Description and Brand Names

Drug information provided by: Micromedex

US Brand Name

  1. Ontak


Denileukin diftitox is used to treat persistent or recurrent cutaneous T-cell lymphoma. This is a rare type of cancer that affects certain white blood cells and causes lesions to develop on the skin.

Denileukin diftitox interferes with the growth of cancer cells, which are eventually destroyed. Since the growth of normal cells may also be affected by the medicine, other effects may also occur. Some of these may be serious and must be reported to your doctor. Some effects may occur after treatment with denileukin diftitox.

Denileukin diftitox is to be administered only by or under the supervision of your doctor or other health care professional.

This product is available in the following dosage forms:

  • Injectable
  • Solution

Before Using

In deciding to use a medicine, the risks of taking the medicine must be weighed against the good it will do. This is a decision you and your doctor will make. For this medicine, the following should be considered:


Tell your doctor if you have ever had any unusual or allergic reaction to this medicine or any other medicines. Also tell your health care professional if you have any other types of allergies, such as to foods, dyes, preservatives, or animals. For non-prescription products, read the label or package ingredients carefully.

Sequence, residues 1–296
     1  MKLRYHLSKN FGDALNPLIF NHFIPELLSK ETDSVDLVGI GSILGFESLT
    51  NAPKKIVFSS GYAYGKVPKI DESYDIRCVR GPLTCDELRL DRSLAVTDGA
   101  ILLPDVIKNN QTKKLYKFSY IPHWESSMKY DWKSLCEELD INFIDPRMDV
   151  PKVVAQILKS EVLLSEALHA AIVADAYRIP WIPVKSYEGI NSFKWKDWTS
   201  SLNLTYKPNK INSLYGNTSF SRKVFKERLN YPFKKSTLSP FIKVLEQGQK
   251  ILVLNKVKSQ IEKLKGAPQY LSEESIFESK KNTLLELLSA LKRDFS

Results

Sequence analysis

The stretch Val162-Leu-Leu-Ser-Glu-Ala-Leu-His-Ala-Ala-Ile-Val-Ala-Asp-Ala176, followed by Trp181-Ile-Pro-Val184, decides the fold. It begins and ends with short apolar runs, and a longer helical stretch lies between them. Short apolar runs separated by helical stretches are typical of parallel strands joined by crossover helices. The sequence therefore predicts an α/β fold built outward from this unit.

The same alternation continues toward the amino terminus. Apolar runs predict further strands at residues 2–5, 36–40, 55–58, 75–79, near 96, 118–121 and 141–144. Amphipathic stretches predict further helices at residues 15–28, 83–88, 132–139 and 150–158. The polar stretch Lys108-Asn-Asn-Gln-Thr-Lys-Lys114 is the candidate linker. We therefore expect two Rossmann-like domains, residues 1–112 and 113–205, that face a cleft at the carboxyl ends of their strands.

Appropriate studies have not been performed on the relationship of age to the effects of denileukin diftitox in the pediatric population. Safety and efficacy have not been established.


Although appropriate studies on the relationship of age to the effects of denileukin diftitox have not been performed in the geriatric population, geriatric-specific problems are not expected to limit the usefulness of denileukin diftitox in the elderly.


There are no adequate studies in women for determining infant risk when using this medication during breastfeeding. Weigh the potential benefits against the potential risks before taking this medication while breastfeeding.

Drug Interactions

Although certain medicines should not be used together at all, in other cases two different medicines may be used together even if an interaction might occur. In these cases, your doctor may want to change the dose, or other precautions may be necessary. Tell your healthcare professional if you are taking any other prescription or nonprescription (over-the-counter [OTC]) medicine.

Other Interactions

Certain medicines should not be used at or around the time of eating food or eating certain types of food since interactions may occur. Using alcohol or tobacco with certain medicines may also cause interactions to occur. Discuss with your healthcare professional the use of your medicine with food, alcohol, or tobacco.

Other Medical Problems

The presence of other medical problems may affect the use of this medicine. Make sure you tell your doctor if you have any other medical problems, especially:

  • Heart disease—Use with caution. May increase risk for more serious side effects.

Proper Use

Medicines used to treat cancer are very strong and can have many side effects. Before receiving this medicine, make sure you understand all the risks and benefits. It is important for you to work closely with your doctor during your treatment.

A nurse or other trained health professional will give you this medicine in a hospital or cancer treatment center. This medicine is given through a needle placed in one of your veins. The medicine must be injected slowly, so your IV tube will need to stay in place for 30 to 60 minutes.

This medicine is usually given every day for 5 days. This 5-day treatment is given again every 21 days for several months, or until your body responds to the medicine.

Missed Dose

This medicine needs to be given on a fixed schedule. If you miss a dose, call your doctor, home health caregiver, or treatment clinic for instructions.